Appellee's citations are distinguishable, however. In each of the cases, the court cited an actual legal duty owed by the professional to the client. In Malone, a case dealing with a doctor's negligent treatment of a patient, the court held: "Certain duties and obligations are imposed upon physicians and hospitals by law. Breach of such duty by a physician is malpractice, and an action for damages for malpractice is one in tort, even though there was a contract, express or implied, for employment." 220 Kan. at 274-75. See also PIK Civ.2d 15.01. Brueck involved an accounting firm which had performed an audit. In holding the action was in tort this court stated:

"In the case now before us, plaintiffs do not claim that Peat, Marwick failed to perform its contract; the audits for the years 1971, 1972 and 1973 were performed, completed and delivered. The wrongs alleged by the plaintiffs were that Peat, Marwick failed to perform those audits in accordance with the duties imposed on it, not by the specific terms of the contracts, but by the Kansas savings and loan code, the Kansas securities law, and the professional standards of the accounting profession." 230 Kan. at 469-70.

In the instant case, while an architect's license may be taken away for "gross negligence, incompetency, or misconduct" in the practice of the profession (K.S.A. 74-7026), there is not a specific statute, as in Brueck, establishing a duty owed by an architect. Since there is not a breach of a legal duty, as in Malone, the action in this case is open to construction.

Though professionals are liable for malpractice for breach of a legal duty, that does not preclude them from contracting to perform a duty higher than the one imposed by law. Such was the holding in Noel v. Proud, 189 Kan. 6, 367 P.2d 61 (1961). Noel was explained by this court in a later case:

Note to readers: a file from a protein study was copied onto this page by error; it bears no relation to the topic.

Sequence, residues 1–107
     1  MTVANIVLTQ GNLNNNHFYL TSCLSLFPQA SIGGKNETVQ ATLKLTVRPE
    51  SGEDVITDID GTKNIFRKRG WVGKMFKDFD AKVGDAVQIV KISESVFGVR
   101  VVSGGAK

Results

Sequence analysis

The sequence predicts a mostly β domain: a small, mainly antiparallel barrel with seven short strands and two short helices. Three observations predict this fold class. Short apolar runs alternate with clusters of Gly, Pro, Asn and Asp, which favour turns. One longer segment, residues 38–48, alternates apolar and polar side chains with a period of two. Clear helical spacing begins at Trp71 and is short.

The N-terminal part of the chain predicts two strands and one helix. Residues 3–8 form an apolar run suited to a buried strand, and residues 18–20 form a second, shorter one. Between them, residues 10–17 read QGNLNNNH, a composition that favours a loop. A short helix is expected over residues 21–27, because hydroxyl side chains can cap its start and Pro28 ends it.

"[T]he tort statute of limitations against a doctor of medicine had already expired when suit was brought by the patient. The petition alleged breach of express warranty by the doctor that surgery would not worsen the patient's condition. This court held that the three year statute of limitations for an oral contract was applicable to the cause of action stated, rejecting the contention that irrespective of any express warranties, the only cause of action predicated upon a physician-patient relationship must sound in tort." Juhnke v. Hess, 211 Kan. 438, 440, 506 P.2d 1142 (1973).

There is dicta in Malone which also supports the proposition a professional may contract for a specific result.

"Physicians, as well as hospitals, may enter into express contracts by which they bind themselves to warrant the success of treatment, or to otherwise obligate themselves above and beyond their ordinary duties. Such contracts may form the basis for breach of contract actions." 220 Kan. at 374.

Thus, according to Malone and Proud, if the architectural firm in this case contracted to provide a specific result, rather than just contracting to plan and inspect the grading work in general, the action could be on the contract rather than in tort.

On the other hand, in an action against a general building contractor for improper construction of a home, we held the suit could be either in tort or contract or both. In Ware v. Christenberry, 7 Kan. App. 2d 1, 5, 637 P.2d 452 (1981), Justice Holmes wrote for the Court of Appeals, "it now appears settled that in Kansas a person suffering damage from breach of an implied warranty may proceed upon either a contract or tort theory, or both, in initially framing his cause of action."